Conversion Tower for Dispatchable Solar Power
High-Efficiency Solar-Electric Conversion Power Tower
01/11/2012 to 01/10/2015
There is a critical need to find efficient, cost-effective thermal energy storage solutions to maximize the use of domestic solar and nuclear energy resources. Most utility-scale solar power plants only run at about 25% of their capacity because they can't generate power at night--thermal energy storage makes it possible to increase this capacity to up to 60-75%. Similarly, nuclear power plants produce a constant output of power--thermal energy storage could help increase this output during times of critical peak demand.
Project Innovation + Advantages:
Abengoa Solar is developing a high-efficiency solar-electric conversion tower to enable low-cost, fully dispatchable solar energy generation. Abengoa's conversion tower utilizes new system architecture and a two-phase thermal energy storage media with an efficient supercritical carbon dioxide (CO2) power cycle. The company is using a high-temperature heat-transfer fluid with a phase change in between its hot and cold operating temperature. The fluid serves as a heat storage material and is cheaper and more efficient than conventional heat-storage materials, like molten salt. It also allows the use of a high heat flux solar receiver, advanced high thermal energy density storage, and more efficient power cycles.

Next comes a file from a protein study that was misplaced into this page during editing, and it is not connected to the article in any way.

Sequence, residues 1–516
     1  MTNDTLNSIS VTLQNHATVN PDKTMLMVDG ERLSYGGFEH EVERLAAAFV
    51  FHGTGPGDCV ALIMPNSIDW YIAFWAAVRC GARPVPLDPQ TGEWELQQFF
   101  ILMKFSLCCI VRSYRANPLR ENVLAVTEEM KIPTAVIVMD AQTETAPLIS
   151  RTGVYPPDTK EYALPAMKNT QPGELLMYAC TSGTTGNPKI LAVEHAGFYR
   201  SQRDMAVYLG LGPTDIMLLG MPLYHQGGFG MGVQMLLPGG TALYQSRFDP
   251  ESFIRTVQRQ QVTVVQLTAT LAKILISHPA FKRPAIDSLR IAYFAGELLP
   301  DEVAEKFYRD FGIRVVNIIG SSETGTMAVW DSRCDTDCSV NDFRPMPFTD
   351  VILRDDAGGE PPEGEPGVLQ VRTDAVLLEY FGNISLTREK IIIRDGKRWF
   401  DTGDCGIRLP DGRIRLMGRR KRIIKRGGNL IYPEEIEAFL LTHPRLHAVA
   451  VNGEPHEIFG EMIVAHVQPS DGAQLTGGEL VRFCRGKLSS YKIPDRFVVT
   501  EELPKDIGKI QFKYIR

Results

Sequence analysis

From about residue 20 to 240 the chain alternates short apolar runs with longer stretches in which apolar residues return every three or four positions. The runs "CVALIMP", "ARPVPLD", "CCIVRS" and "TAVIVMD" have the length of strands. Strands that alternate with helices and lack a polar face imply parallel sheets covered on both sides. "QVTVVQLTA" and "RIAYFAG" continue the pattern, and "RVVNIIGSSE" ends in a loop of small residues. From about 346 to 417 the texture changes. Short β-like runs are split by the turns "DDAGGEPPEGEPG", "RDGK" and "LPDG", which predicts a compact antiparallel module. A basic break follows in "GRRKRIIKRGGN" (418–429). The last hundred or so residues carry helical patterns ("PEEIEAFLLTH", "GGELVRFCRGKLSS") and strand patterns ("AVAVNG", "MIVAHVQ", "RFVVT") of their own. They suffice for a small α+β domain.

If successful, Abengoa would reduce the cost of solar energy generation by 30% compared to existing state-of-the-art storage technologies--significantly reducing the cost of renewable solar electricity.
Cost-effective thermal energy storage would enable increased use of domestic energy resources like solar and nuclear--strengthening the nation's energy security.
Thermal energy storage systems could make it less expensive to generate power from nuclear and renewable solar energy, which in turn could help stabilize electricity rates for consumers.
Cost-effective thermal energy power generation could help decrease fossil fuel-based electricity use and harmful emissions from coal-burning power plants.